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I am interested in how woody perennial species withstand freezing temperatures, specifically during their dormant period. Buds of woody species are comprised of meristematic tissues, commonly containing the primordia of flowers and leaves, having a vital role in the following growing season. To ensure survival of winter temperatures, these buds have developed sophisticated strategies to either tolerate or avoid the potentially damaging forces of ice formation. I am particularly curious about improving our understanding regarding the anatomical adaptations and mechanisms that are a part of these strategies.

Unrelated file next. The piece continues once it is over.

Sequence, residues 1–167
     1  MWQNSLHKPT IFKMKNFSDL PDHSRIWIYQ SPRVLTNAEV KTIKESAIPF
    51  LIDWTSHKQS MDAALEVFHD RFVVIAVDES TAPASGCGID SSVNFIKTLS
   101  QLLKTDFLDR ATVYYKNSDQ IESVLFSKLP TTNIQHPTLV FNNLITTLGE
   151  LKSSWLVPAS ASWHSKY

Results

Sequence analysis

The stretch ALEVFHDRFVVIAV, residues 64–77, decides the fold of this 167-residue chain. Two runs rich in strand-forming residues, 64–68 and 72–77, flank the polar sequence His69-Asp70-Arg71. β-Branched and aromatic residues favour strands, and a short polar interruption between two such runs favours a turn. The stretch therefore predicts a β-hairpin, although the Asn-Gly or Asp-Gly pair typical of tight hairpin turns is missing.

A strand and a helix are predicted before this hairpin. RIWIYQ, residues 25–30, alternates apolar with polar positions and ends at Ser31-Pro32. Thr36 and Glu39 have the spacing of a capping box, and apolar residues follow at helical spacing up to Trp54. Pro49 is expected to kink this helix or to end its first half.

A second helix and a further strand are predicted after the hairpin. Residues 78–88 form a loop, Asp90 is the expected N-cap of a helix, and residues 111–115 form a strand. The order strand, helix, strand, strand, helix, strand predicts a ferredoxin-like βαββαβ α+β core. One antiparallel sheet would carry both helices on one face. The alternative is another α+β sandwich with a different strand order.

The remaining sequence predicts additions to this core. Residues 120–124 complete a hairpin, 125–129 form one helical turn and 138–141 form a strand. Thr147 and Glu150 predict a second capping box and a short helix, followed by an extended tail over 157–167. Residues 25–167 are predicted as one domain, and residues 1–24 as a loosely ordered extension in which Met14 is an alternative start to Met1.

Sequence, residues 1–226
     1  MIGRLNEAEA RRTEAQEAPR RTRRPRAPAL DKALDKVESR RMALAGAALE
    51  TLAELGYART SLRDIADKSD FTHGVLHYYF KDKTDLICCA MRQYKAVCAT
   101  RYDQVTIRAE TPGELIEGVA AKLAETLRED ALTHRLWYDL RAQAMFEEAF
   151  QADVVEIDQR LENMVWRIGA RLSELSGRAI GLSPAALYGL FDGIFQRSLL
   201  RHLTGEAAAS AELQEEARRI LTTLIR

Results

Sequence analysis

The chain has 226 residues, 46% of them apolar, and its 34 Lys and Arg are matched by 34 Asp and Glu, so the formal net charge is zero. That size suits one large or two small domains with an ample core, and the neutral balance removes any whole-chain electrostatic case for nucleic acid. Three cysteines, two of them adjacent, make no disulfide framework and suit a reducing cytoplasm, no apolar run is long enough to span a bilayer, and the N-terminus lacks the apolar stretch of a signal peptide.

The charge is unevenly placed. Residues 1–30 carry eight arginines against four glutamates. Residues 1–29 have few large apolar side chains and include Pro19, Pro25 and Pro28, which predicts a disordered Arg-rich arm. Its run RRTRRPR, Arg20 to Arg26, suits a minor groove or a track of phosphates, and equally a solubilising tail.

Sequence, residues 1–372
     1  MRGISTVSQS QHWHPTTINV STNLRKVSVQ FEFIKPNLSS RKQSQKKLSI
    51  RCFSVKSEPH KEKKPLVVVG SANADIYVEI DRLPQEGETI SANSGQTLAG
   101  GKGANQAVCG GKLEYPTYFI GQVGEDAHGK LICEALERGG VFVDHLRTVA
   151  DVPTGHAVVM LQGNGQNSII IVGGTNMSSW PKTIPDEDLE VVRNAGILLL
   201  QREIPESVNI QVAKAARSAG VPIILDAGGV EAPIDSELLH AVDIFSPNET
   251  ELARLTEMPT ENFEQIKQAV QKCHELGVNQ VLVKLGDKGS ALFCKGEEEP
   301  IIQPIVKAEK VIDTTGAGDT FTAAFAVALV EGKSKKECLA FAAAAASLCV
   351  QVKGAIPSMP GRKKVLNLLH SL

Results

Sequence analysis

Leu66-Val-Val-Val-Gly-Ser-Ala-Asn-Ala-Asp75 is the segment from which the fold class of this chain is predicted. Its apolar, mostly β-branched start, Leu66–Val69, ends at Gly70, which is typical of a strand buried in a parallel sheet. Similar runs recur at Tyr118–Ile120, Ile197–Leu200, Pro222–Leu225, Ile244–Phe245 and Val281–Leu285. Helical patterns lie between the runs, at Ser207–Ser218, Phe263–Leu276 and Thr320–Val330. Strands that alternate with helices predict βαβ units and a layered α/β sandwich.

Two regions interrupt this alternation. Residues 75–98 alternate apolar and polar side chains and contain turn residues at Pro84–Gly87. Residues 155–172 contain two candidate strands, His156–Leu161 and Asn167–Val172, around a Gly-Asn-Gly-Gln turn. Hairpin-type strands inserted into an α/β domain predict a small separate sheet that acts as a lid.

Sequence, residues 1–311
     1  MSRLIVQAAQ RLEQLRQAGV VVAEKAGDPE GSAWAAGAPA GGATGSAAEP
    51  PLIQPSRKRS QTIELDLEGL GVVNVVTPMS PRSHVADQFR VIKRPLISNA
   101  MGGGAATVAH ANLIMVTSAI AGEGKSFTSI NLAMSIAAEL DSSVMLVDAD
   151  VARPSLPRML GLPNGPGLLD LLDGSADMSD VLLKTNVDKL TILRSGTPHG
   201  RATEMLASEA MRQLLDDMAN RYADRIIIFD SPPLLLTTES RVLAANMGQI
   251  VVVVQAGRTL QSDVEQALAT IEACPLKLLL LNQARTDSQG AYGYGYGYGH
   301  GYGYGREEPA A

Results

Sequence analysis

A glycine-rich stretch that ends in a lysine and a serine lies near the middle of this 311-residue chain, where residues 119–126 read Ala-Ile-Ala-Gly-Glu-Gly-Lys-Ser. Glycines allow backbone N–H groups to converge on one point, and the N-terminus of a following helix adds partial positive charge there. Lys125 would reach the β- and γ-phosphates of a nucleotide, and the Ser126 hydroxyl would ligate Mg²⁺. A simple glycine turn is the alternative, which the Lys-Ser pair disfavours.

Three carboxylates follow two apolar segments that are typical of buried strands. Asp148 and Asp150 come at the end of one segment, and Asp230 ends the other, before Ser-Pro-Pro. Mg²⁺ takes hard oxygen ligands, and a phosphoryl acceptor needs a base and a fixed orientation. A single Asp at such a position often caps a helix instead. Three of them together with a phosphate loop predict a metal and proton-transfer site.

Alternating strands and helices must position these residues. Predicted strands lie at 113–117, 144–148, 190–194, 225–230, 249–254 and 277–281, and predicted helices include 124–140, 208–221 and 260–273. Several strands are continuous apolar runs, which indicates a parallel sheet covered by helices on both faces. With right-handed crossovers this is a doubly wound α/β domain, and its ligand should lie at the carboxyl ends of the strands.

During my Ph.D. I worked under the guidance of Dr. Amaya Atucha at the University of Wisconsin-Madison. My research focused on determining how terminal buds of Vaccinium macrocarpon Ait. survived freezing temperatures and on identifying the structural modifications involved in the development of cold hardiness. I also identified relative cold hardiness levels among bud structures and the correlation to later growth. I developed a low-cost prototype to control the freezing of plant specimens during the acquisition of magnetic resonance images.
My work as a Putnam fellow focus on studying the tradeoffs in woody species between the different bud survival strategies to freezing temperatures and reproductive success in the spring. The comparison among congener species across several woody angiosperm families will give us a survey of the biological costs implied in winter survival. This new knowledge will help to improve the assessment of climate change impact on temperate woody species.